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 for this niche because the focus of these systems has been to encode useful sensory information about the outside world in the acoustic domain.
In fact, the entire evolution of the bat robots from its very beginnings to the present day can be understood as a sequence of attempts to extract more and more information from the ultrasonic echo wavefields that a (bio)sonar system elicits. In the process of designing ever more sophisticated bat robots, scientists and engineers have hence pushed the boundary of what can be learned from an ultrasonic echo by mimicking more and more sophisticated features found in bat biosonar. In this article, we attempt to trace this “parallel evolution” in robots and acoustic concepts.
Evolutionary Origins: Autofocus Cameras
The oldest “evolutionary ancestor” of all bat robots actually came into being as part of a camera. In the
early 1980s, Polaroid introduced an autofocus camera with an ultrasonic ranging module that was designed to determine the distance to a subject (Biber et al., 1980). To accomplish this, the ranging module emits a short burst of ultrasound and extracts a single rather simple feature from the returning echo, namely time of flight. This means that the module measures how long it took the ultrasonic pulse to travel out to the target and back (Figure 1). Such a time-of-flight measurement can be readily converted into an estimate of target distance by multiplying with sound velocity. In the Polaroid ranging module, the time of flight is determined by comparing the received echo amplitudes with a threshold value, which is simple but also susceptible to noise.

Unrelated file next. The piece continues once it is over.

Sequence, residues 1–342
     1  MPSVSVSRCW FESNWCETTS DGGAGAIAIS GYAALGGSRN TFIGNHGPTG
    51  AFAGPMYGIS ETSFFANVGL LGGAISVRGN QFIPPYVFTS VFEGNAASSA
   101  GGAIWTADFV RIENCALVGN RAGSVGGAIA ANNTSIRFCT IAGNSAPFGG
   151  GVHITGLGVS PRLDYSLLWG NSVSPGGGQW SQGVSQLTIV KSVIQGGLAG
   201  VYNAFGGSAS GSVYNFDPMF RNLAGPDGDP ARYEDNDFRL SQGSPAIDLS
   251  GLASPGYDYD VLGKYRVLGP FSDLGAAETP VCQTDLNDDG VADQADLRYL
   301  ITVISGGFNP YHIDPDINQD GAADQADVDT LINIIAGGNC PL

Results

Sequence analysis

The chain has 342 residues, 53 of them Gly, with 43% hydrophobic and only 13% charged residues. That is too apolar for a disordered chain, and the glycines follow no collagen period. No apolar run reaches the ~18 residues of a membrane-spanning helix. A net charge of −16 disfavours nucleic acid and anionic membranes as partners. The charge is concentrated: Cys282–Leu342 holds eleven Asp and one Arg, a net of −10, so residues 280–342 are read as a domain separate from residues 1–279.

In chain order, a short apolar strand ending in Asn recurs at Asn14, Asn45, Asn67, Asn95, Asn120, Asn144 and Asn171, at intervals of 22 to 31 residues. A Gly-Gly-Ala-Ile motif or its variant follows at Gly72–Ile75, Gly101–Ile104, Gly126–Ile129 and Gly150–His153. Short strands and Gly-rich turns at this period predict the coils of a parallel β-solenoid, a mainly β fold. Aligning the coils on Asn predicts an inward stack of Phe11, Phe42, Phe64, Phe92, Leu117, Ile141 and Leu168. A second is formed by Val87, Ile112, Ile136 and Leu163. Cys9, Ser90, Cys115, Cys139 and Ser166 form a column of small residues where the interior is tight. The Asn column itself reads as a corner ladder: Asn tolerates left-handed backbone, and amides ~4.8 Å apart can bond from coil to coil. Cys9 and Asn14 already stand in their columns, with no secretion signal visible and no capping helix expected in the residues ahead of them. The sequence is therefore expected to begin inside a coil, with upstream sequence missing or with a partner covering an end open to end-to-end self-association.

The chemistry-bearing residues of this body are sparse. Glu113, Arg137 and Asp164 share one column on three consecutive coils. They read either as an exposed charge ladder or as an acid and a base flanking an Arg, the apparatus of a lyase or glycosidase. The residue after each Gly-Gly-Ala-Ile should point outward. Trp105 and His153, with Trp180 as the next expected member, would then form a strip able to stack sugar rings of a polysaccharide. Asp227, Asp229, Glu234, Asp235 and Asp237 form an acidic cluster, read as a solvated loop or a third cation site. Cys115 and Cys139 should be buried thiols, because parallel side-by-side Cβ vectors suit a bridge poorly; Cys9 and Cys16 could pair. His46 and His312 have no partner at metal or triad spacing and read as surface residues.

Because there are obvious shortcomings to using an ultrasonic range finder for a camera, for example, when taking a picture through a glass screen, camera makers soon moved on to optical systems such as active infrared and passive autofocus. But the ultrasonic range-finding modules they discarded did gain an unexpected second lease on life with mobile robots, where they soon became a standard feature of several commercially available systems.
Dinosaurs: Sonar Rings
Roboticists trying to perform useful tasks with the ranging modules quickly discovered that the readings from the ranging modules cannot only be imprecise but are also prone to grave errors; targets can be missed entirely, especially in cases where a flat surface forms an acoustic mirror that is angled in a way so that it reflects the echo away from the receiver. Narrow gaps between targets can be hard to find if their width is small compared with the sonar beam that is defined as the angle over which an above-threshold ultrasonic energy is emitted (about 30° for a Polaroid range finder).
Even if the targets are correctly detected and resolved and a precise enough distance measurement is obtained, all this is still not sufficient to pin down the location of a target. For any fixed distance, a target could be anywhere on a sphere around the ranging module, with a radius that equals the determined distance. To overcome this shortcoming, roboticists working with sonar range finders have come up with “sonar rings” that combine large numbers (up to 48) of ranging modules that are pointed radially outward to take range measurements in
 Figure 1. Principle of sonar range finding. A: acoustic time of flight encodes the target distance because it can be used to estimate the distance traveled to the target and back. B: amplitude thresholding operation to estimate the time of flight. The received time waveform is compared with a threshold value (orange line). C: schematic representation of a sonar ring with 24 transducers (emitters/receivers).
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